duration            # 61         => 1m1s
date                # 1442513840 => 2015-09-17 11:17:20
size                # 4125       => 4K
%.3f                # 0.1234567  => 0.123
s/a/b               # a-a        => b-b
[2:4]               # abcdef     => cd

Here is a more complex post-processor example that prints out only the year:

date | [0:4]

To display links, do:

% add out uuid "key uuid | add path /stdout"

This should display a link labeled out that points to the stdout file in the given UUID. Here's how it works:

`uuid`                                 => '0x223abce2364c439596f05b5da0fa7e5d'
`uuid` "key uuid"                      => {'uuid': '0x223abce2364c439596f05b5da0fa7e5d'}
`uuid` "key uuid | add path /stdout"   => {'uuid': '0x223abce2364c439596f05b5da0fa7e5d', path: '/stdout'}

To change the text of the link do:

% add out uuid "key uuid | add path /stdout | add text StandardOutput"

This dictionary is processed by the frontend to render the link.

Display modes

By default, a bundle will be displayed as a table with default fields. You can change this by putting a % display <mode> ... directive right before a block of bundles with no intervening newlines:

% display table simple1
[run run-date : date]{0x223abce2364c439596f05b5da0fa7e5d}
[run run-date : date]{0x096b5b6b03a94ce3b47337db38822504}
[run run-date : date]{0x1fc1dd80e2394655aa8117a21ed911b2}

Here are the possible display modes.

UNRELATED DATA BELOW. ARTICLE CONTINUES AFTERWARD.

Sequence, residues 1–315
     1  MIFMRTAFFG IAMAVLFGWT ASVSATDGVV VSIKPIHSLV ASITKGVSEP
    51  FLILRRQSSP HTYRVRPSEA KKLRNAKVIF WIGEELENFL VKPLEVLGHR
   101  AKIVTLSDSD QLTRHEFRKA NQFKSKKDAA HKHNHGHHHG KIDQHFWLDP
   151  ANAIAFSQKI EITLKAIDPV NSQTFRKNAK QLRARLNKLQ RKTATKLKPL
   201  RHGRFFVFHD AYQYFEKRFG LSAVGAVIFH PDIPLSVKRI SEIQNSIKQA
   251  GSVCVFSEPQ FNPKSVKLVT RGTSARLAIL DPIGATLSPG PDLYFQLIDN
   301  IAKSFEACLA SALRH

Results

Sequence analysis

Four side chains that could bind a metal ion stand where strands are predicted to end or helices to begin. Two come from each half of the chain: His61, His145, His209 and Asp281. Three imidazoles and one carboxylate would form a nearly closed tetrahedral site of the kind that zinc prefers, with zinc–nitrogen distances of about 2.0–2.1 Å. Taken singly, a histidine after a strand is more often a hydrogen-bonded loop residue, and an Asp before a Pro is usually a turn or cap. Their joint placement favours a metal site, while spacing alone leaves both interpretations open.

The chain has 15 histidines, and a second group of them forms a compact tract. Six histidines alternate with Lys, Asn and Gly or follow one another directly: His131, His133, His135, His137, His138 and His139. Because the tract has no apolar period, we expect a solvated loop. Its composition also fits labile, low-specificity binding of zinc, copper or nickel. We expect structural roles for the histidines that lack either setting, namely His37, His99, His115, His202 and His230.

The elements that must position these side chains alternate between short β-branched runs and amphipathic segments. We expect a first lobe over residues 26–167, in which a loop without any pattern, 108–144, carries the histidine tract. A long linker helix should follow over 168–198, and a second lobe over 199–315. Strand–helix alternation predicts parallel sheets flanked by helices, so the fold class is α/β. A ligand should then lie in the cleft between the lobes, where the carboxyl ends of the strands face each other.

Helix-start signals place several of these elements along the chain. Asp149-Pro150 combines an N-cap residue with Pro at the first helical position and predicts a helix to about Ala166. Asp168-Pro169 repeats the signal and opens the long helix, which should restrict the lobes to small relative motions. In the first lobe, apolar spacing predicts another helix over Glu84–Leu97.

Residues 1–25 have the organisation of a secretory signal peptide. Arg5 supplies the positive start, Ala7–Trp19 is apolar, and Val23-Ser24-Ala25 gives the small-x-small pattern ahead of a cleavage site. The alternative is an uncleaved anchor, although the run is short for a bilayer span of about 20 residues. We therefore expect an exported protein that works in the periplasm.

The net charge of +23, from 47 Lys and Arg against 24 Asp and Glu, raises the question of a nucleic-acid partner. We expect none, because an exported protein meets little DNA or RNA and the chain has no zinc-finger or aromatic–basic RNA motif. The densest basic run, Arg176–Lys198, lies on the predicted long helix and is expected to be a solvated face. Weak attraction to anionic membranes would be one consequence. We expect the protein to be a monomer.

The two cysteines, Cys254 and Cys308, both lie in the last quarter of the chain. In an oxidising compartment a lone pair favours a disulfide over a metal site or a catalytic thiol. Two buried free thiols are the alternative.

1. Display the file contents of the generalized path:

     % display contents <generalized-path> [maxlines=<int>]
     % display contents /stdout maxlines=100
  2. Display an image:

     % display image <generalized-path> [width=<int>,height=<int>]
     % display image /output.png width=300 height=50
  3. Display HTML:

     % display html <generalized-path>
     % display html /output.html
  4. Display a table given a pre-defined schema:

     % display table <schema-name-1> ... <schema-name-n>
  5. Display a record given a pre-defined schema (where the rows are fields, so there is a bit more room if you have schemas with lots of fields):

     % display record <schema-name-1> ... <schema-name-n>
  6. Display a graph:

     % display graph <generalized-path> [display_name=<field>,x=<int>,y=<int>,xlabel=<string>,ylabel=<string>]
     % display /progress.tsv display_name=command xlabel=iteration ylabel=accuracy

The should point to a TSV file. For each subsequent bundle, the TSV file inside that bundle is read, and the columns corresponding to x and y are pulled out (defaulting to 0 and 1). These are the points that are graphed in a line. For display, display_name specifies the field that is used to pull out a name for the bundle in the legend, and xlabel/ylabel are just the labels of the axes.

Displaying a dynamic set of bundles

To reference a set of bundles by a search criteria:

% search <keyword-1> ... <keyword-n>

See documentation for cl search for more information.

Frequently asked questions

Can I have spaces in my directives?

Yes, you can quote them:

% display "dataset size" data_size size
% display error "/stats.json:error rate" %.3f
% display created created "date | [0:4]"